2020 SURF projects

An Exploration of Plant-Fire-Climate Interactions

Student examines plants along a greenery-bordered pathSURF student: Ronja Steinbach, Marine Biology, UH Mānoa
Faculty mentor: Curt Daehler, UH Mānoa

Many invasive plant species are fire prone and greatly impact local fire regimes, stressing native ecosystems in the process. Ronja helped develop a statistically-based screening process of plant characteristics from the literature to identify invasive plants that may promote fires and change local fire regimes. She also described a new island record of a naturalized weed on Oʻahu, described as “high risk” by her screening survey method.

Evaluating and Developing Techniques for Improving Success of Reforestation Efforts in Hawaiʻi

Two different types of plants growing densely from pots in a greenhouseSURF student: Nicholas Yos, UH Mānoa
Faculty mentor: Camilo Mora, Geography and Environment, UH Mānoa

With increasing efforts to use reforestation as a method to combat climate change, it is important to maximize the likelihood that the planted trees will survive and capture carbon for the long term. Nick targeted three angles of this issue, investigating methods to enhance seed germination of native trees, developing remote watering systems for the field, and preparing to test effectiveness of weed control in test plots.

Vulnerability of coastal ecosystems to increased salinity from climate change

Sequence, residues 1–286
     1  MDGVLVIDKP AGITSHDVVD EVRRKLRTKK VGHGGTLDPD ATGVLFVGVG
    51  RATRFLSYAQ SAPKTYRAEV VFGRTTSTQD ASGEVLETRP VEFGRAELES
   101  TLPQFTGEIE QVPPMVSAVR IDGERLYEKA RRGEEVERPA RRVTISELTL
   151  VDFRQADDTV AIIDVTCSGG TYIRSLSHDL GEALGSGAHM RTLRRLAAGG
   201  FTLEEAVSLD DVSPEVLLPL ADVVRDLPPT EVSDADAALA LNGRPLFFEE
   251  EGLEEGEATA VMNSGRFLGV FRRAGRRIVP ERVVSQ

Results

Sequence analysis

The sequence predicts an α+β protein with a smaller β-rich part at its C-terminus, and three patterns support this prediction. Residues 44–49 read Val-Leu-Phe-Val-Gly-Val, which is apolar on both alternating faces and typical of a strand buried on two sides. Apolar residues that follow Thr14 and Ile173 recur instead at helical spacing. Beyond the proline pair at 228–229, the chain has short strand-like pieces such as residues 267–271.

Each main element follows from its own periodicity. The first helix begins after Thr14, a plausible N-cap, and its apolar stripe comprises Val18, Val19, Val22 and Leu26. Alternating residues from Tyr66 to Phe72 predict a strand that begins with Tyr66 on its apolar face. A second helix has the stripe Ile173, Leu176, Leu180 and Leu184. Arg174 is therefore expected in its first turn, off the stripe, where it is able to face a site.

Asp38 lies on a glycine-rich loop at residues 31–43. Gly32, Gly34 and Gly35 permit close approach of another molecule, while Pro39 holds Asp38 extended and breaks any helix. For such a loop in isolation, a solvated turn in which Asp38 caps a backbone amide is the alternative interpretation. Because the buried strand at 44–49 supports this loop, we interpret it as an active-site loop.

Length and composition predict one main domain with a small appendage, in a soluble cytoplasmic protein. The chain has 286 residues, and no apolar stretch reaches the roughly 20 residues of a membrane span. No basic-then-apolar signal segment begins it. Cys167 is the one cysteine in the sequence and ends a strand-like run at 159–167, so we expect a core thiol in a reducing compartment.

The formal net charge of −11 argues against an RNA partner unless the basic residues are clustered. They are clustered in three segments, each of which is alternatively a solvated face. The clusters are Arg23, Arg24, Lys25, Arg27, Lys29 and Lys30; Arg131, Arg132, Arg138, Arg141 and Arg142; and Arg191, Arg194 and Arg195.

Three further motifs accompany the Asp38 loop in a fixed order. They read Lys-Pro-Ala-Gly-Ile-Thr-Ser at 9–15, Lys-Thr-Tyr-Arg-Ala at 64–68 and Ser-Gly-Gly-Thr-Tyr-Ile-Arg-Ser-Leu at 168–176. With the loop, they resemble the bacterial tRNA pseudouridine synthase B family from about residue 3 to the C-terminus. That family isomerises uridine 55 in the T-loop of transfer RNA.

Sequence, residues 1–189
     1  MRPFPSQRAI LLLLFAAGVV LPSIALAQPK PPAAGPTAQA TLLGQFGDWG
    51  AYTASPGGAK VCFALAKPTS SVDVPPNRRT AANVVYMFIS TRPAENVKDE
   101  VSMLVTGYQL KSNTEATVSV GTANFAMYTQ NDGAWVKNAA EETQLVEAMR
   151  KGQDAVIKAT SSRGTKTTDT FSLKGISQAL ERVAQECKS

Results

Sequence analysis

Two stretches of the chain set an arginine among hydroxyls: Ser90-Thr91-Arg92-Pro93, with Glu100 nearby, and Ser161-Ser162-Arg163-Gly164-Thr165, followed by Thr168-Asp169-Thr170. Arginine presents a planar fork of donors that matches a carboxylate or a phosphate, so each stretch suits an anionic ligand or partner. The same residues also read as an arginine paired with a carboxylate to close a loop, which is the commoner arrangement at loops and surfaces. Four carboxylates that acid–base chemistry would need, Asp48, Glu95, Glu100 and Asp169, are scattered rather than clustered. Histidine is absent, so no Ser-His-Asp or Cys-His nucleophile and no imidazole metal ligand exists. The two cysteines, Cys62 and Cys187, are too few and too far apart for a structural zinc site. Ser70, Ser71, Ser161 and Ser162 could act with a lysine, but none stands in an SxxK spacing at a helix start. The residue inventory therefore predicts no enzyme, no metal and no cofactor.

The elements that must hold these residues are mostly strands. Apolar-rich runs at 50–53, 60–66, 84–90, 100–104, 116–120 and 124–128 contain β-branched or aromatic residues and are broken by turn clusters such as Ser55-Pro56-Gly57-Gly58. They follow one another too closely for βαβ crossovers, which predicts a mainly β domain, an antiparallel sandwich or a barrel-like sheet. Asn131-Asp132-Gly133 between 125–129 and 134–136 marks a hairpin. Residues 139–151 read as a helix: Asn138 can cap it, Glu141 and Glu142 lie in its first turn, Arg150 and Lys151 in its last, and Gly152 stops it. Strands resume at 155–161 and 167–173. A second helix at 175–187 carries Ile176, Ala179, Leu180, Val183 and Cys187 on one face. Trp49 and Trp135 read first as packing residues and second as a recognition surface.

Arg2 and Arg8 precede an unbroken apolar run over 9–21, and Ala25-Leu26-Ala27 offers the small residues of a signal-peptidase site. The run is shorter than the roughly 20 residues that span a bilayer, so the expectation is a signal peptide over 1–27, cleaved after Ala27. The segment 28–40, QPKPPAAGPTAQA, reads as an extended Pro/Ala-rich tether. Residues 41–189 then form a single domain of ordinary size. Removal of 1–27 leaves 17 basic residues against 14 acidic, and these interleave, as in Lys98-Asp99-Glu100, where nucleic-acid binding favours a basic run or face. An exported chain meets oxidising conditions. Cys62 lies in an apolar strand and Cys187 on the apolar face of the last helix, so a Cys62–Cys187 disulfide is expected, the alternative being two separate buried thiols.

An instrument is being held to a leaf on a potted plantSURF student: Taylor Young, Ecosystem Science and Sustainability, Colorado State University
Faculty mentor: Kasey Barton, Life Sciences, UH Mānoa

While coastal plants are often considered well-adapted to salty conditions, the plants rely on freshwater so are vulnerable as coastal conditions shift with climate change to more saline conditions, from both saltwater inundation and contamination of groundwater sources. Taylor conducted greenhouse experiments and a global literature meta-analysis to evaluate the effects of increased seawater exposure on plant growth.


These three projects were conducted during the 10 weeks of the PI-CASC Summer Undergraduate Research Fellowship program in 2020. The SURFers worked with their mentors, in person and remotely, to carry out these impressive climate adaptation science projects despite the conditions imposed by COVID. They also participated in professional development workshops and presented their results at a symposium at the end of the summer.